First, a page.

# Finding a subset $D$ such that the restriction of $f$ to $D$ is not Riemann-integrable

For $$\mathbf{I}$$ a generalized rectangle in $$\mathbb{R}^{n}$$, define $$f : \mathbf{I} \rightarrow \mathbb{R}$$ to be the function with constant value $$1$$. Find a subset $$D$$ of $$\mathbf{I}$$ such that the restriction $$f : D \rightarrow \mathbb{R}$$ is not integrable.

I was thinking of taking $$D$$ to be the set of points in $$\mathbf{I}$$ with all $$n$$ components rational and coming up with a density argument to prove non-integrability, but I haven't been able to do so.

Also, I've learned about Jordan content, but I haven't learned about measure zero sets.

I haven't been able to make much progress, and I would appreciate some sort of help.

• Seems like your $D$ is in the right direction, because what would a Riemann integral over a discrete set be if not the sum of the values of the function at its points? Apr 26, 2019 at 7:00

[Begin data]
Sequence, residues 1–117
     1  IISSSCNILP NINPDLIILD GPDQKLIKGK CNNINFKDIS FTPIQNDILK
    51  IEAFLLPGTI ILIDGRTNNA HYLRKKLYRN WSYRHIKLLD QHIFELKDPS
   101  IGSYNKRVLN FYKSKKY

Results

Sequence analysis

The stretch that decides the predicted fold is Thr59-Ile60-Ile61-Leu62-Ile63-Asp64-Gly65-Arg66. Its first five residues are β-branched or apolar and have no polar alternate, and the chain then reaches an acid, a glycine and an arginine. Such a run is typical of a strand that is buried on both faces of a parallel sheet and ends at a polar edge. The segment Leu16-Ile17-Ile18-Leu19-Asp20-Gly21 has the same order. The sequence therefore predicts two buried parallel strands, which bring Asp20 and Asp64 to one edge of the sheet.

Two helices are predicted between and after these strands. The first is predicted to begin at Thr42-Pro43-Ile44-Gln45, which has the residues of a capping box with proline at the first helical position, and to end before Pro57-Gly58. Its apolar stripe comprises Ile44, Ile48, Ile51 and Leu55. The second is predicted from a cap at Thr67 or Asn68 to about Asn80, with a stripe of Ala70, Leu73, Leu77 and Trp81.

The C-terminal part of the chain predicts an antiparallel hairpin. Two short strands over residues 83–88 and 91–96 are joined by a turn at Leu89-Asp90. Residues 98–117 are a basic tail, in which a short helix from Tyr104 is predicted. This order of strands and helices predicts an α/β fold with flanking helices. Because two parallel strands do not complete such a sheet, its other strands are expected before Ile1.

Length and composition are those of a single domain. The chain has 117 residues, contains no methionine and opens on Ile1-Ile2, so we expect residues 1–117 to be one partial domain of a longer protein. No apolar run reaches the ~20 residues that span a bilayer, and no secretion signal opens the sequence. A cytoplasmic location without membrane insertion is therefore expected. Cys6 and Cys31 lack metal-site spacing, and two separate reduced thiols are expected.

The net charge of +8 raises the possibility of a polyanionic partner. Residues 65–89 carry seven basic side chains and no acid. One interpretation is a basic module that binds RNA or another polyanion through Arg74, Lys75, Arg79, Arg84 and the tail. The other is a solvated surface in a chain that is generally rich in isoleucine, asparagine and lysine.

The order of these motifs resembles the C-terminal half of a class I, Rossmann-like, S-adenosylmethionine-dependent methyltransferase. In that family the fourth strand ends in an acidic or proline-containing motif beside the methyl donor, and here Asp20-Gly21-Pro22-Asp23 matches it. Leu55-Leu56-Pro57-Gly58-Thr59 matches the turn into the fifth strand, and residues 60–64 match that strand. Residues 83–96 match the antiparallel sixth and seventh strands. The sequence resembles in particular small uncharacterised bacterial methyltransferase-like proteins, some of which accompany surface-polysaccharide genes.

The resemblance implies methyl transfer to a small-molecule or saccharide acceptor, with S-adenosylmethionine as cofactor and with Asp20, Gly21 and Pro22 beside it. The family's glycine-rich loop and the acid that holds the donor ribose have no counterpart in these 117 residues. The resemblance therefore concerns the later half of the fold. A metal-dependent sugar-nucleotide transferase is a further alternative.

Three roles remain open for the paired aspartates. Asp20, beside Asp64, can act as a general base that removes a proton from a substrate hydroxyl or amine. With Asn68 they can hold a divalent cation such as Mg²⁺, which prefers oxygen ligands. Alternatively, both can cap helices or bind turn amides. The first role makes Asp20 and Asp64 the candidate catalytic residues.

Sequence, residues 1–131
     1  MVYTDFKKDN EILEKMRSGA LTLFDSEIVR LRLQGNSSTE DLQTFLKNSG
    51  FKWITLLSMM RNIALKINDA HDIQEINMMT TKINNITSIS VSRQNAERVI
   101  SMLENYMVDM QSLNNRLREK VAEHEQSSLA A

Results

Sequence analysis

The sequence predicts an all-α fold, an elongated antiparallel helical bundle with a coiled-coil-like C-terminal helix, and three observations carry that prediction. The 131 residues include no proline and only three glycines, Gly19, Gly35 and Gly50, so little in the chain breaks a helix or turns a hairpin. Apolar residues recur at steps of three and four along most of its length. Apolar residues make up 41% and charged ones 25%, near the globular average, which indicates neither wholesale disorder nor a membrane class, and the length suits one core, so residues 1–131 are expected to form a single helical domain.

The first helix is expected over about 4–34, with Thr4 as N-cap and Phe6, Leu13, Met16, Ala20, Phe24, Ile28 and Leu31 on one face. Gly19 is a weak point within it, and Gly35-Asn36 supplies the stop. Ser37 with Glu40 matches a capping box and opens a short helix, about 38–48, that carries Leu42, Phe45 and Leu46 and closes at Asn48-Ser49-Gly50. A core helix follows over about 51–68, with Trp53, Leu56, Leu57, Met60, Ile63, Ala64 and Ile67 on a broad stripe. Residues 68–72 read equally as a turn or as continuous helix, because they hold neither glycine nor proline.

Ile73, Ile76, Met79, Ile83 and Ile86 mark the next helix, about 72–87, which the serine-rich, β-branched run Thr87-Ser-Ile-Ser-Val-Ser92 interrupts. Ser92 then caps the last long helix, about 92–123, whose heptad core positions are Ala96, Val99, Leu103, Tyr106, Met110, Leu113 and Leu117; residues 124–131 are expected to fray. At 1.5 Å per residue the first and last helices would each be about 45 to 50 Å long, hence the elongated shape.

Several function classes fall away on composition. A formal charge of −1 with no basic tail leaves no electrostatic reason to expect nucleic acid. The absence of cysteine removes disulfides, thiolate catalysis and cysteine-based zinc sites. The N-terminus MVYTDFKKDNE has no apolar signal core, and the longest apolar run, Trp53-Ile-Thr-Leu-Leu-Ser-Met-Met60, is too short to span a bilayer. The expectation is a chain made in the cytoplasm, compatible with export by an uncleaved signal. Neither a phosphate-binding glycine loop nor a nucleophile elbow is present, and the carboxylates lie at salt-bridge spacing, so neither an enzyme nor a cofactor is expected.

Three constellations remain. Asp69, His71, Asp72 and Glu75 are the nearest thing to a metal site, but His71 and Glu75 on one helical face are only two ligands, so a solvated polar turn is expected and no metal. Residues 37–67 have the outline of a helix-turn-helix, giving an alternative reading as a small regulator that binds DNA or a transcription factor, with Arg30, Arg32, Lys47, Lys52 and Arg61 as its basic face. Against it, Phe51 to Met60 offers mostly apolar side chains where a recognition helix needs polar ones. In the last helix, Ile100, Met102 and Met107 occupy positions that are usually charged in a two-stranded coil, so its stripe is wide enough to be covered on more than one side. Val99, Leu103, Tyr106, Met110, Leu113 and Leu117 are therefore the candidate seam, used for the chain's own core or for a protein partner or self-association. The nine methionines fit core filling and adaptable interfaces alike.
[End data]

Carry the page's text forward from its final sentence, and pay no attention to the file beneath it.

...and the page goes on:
The Riemann integral $$\int_D f$$ is by definition $$\int_I f \chi_D$$ where $$\chi_D$$ is the indicator function taking the value $$1$$ for $$x \in D$$ and $$0$$ otherwise.
If $$D$$ is the subset of $$I$$ where for $$x = (x_1,\ldots,x_n)$$ the first component $$x_1$$ is rational, then $$f \chi_D$$ is not Riemann integrable. Any subrectangle of a partition of $$I$$ contains points in and not in $$D$$ where the integrand takes the values $$1$$ and $$0$$, respectively. Hence all lower sums equal $$0$$ and all upper sums equal the content of $$I$$ and the difference cannot be made arbitrarily small.